26 1. Simple Examples of Propagation
Here, hj(t, ζ) is a polynomial in t, ζ. Injecting in the formula for Aexact(, t, x)
yields an expansion
Aexact(, t, x) A0(t, x) + A1(t, x) +
2A2(t,
x) + · · · ,
A0(t, x) = γ(x e1t)/2,
(1.4.11)
Aj =
1
(2π)−d/2 2
ˆ(ζ) γ
ei(xζ−tζ1)
hj(t, ζ)
=
1
2
hj(t, ∂/i)γ (x e1t) .
(1.4.12)
The series is asymptotic as 0 in the sense of Taylor series. For any s, N,
truncating the series after N terms yields an approximate amplitude which
differs from Aexact by O(
N+1)
in
Hs
uniformly on compact time intervals.
Exercise 1.4.2. Compute the precise form of the first corrector a1.
Formula (1.4.11) implies that if the Cauchy data are supported in a set
O, then the amplitudes Aj are all supported in the tube of rays
(1.4.13) T := (t, x) : x = x + te1, x O .
Warning 1. Though the Aj are supported in this tube, it is not true, when
d 2, that Aexact is supported in the tube. If it were, then u would be
supported in the tube. When d 2, the function u = 0 is the only solution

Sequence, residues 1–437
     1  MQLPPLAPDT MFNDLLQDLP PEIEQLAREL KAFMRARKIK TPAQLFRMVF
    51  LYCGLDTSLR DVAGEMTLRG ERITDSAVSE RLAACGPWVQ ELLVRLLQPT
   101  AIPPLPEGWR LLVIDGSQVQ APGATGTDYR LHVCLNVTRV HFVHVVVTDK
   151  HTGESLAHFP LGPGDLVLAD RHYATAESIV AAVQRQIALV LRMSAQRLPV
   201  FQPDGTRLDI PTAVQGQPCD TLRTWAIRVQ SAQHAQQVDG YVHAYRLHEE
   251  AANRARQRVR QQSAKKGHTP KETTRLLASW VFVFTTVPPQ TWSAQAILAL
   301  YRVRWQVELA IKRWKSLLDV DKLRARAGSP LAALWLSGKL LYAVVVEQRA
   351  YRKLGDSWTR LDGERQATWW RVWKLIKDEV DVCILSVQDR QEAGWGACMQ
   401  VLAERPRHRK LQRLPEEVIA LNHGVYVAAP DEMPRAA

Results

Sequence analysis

of D’Alembert’s equation with support in a tube of rays with compact cross
section (see Exercise 5.2.9).
Warning 2. By a closer inspection of (1.4.11) or by the analysis after
Exercise 5.2.9, one can show that Aj(t, ·)
L∞

(j!)−1

|β|≤2j
∂βγ||L∞
.
So, for a typical analytic γ, the series

jAj
have terms of size
jCj(2j)!/j!
so they diverge no matter how small is . For a nonanalytic γ, for example
γ C0
∞,
matters are worse still. The series

jAj
is a divergent series
that gives an accurate asymptotic expansion as 0. It is a nonconvergent
Taylor expansion of Aexact(, t, x).
To analyze the oscillatory initial value problem with u(0) = 0, ut(0) =
β(x)
eix1/
requires one more idea to handle the contributions from ξ 0 in
the expression
u(t, x) =
(2π)−d/2
sin t|ξ|
|ξ|
ˆ
β ξ
e1
eixξ
.
Choose χ C0
∞(Rξ d)
with χ = 1 on a neighborhood of ξ = 0. The cutoff
integrand is equal to
χ(ξ)
sin t|ξ|
|ξ|
1
ξ e1/
s
ks(ξ −e1/)
eixξ
, ks(ξ) := ξ
s
ˆ(ξ)
β
L2(Rξ d)
.
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